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Jenny Lin - Stravinsky

Release Date: 02/25/2014
Label: Steinway & Sons Catalog #: 30028 Spars Code: n/a
Composer:  Igor Stravinsky Performer:  Jenny Lin Number of Discs: 1
Recorded in: Stereo Length: 1 Hours 4 Mins.

Jenny Lin’s adventurous programming efforts turn to Igor Stravinsky, whose smaller-scale works tend to escape the spotlight. Yet Stravinsky’s solo piano is packed with as much theatricality as his music for larger and louder forces. From instant to instant, this theater can be comedic, raucous, rustic — and then suddenly intimate and moving.

This is the third release on the Steinway label from Jenny Lin, described as "...surely one of the most interesting pianists in America right now" by the Washington Post. Most of Stravinsky's important solo piano works are included on this disc, as well as Agosti's rarely recorded arrangement of the Firebird Suite. Jenny Lin's first release on the Steinway & Sons label was
Read more Silent Music, chosen as one of the best albums of the year by the New York Times in 2011. Her 2012 release, Get Happy, was described by MusicWeb as " outright joy. It’s something every piano collection should have."

Album Credits:
Recorded June 20-22, 2013 at Sono Luminus Studios in Boyce, Virginia.
Producer: Dan Merceruio
Engineer: Daniel Shores
Executive Producers: Eric Feidner, Jon Feidner
Art Direction: Jackie Fugere
Piano: Steinway Model D #590904 (New York)
Piano Technician: John Veitch

"Stravinsky may not have written that many works for solo piano. But he left pianists some astonishing scores, especially the Piano Sonata and the Serenade in A, along with many smart shorter works and charming miniatures. The excellent and inquisitive American pianist Jenny Lin, born in Taiwan in 1973, plays just about the complete Stravinsky solo piano music on this impressive release, from Steinway & Sons..."- Anthony Tommasini, New York Times

"A master pianist, Jenny Lin’s signature blend of technical mastery and grace is combined with Stravinsky’s distinct musical sensibilities on several of his smaller scale opuses for solo piano. Lin produces the magic inherent in Stravinsky's oeuvre during her performances of his 1924 Piano Sonata, his Four Etudes (1908) and his Ragtime for 11 instruments. Each piece is a masterful sensory experience that reveals a well-thought-out interpretation that is suitable for the composer’s intentions.
Jenny Lin was first introduced to Stravinsky for piano through the late Italian pianist and teacher Guido Agosti who had presented her with his Firebird Suite 1928 transcription. To conclude her program, Lin performs Agosti’s arrangement of three movements from the suite. She skillfully plays each movement with the polyrhythms, color and impressiveness heard in the full Stravinsky masterpiece. Overall, Ms. Lin offers her listeners an expressive, beautifully arranged program that will delight you for years to come."
-- Paula Edelstein, LA Music Examiner

Stravinsky’s piano works, slender as they are, have been very well served on disc, starting with Aleck Karis on Bridge and continuing with Victor Sangiorgio on Naxos. Add Jenny Lin to the list of first-rate Stravinsky interpreters. Each of these discs has a slightly different program, adding musical “meat” to the major works: the Piano Sonata of 1924, the Serenade in A , the Four Etudes, and Piano-Rag Music. Combined, these only comprise about 30 minutes of playing time.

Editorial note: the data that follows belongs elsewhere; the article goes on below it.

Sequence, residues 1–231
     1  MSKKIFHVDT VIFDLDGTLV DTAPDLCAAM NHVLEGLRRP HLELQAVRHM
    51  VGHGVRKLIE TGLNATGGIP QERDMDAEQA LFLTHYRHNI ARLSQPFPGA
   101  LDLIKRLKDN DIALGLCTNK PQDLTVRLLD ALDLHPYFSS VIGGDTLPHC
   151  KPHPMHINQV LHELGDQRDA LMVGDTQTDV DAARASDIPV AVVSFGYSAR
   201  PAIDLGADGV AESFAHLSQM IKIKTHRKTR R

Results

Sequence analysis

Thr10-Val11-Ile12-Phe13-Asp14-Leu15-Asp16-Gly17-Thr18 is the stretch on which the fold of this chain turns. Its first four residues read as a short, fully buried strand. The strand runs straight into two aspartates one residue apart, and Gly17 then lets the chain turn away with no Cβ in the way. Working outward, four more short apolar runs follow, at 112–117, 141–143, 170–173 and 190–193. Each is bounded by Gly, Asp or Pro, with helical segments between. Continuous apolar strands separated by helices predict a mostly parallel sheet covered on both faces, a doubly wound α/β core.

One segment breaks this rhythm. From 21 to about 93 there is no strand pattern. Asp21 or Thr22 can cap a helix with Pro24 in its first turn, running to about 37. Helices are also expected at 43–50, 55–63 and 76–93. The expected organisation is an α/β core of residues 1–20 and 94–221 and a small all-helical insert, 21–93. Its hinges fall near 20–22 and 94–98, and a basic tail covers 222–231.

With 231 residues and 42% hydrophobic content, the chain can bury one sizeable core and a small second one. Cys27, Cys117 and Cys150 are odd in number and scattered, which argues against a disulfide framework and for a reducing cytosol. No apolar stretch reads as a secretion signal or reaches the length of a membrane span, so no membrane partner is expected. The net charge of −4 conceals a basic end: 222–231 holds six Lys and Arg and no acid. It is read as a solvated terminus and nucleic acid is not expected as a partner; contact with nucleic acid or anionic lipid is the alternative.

In order to bring this disc up to 64 minutes, Lin adds a selection of transcriptions, some of which are familiar (the Polka and Valse from the Second Suite for Small Orchestra, the Circus Polka, and Ragtime), and some of which are both rare and interesting. There’s a bit of the Prologue from Boris Godunov, a couple of sketches for a late sonata, and most interesting, a transcription of three movements from the Firebird Suite (Danse infernale, Berceuse, and Finale) by Lin’s teacher Guido Agosti, sanctioned by the composer.

This latter is a real find, and a nice change of pace from the otherwise inevitable Three Movements from Petrushka. It’s full of pianistic fireworks and Lin tosses it off with real bravura, albeit with understandably more rhythmic flexibility than we encounter in a typical orchestral performance. The music’s cascades of notes also offer an interesting contrast to the more linear textures characteristic of the Sonata, and to much of the remaining program. In the later, neoclassical works, Lin proves equally adept at providing crisp articulation and lucid textures without letting the music turn cold and mechanical, as it easily can.

In short, this is an extremely fine recital, and Lin’s Steinway has been quite beautifully recorded at the Sono Luminus studios in Virginia. There may not be any major works here, but the program has been intelligently assembled and the result is both very refreshing and impossible to criticize.

Artistic Quality: 10; Sound Quality: 10
-- David Hurwitz,

I so enjoyed Jenny Lin’s playing on an earlier CD ( Get Happy, Steinway & Sons 3011) that, when offered a chance to review this disc, I jumped at it. I was not disappointed.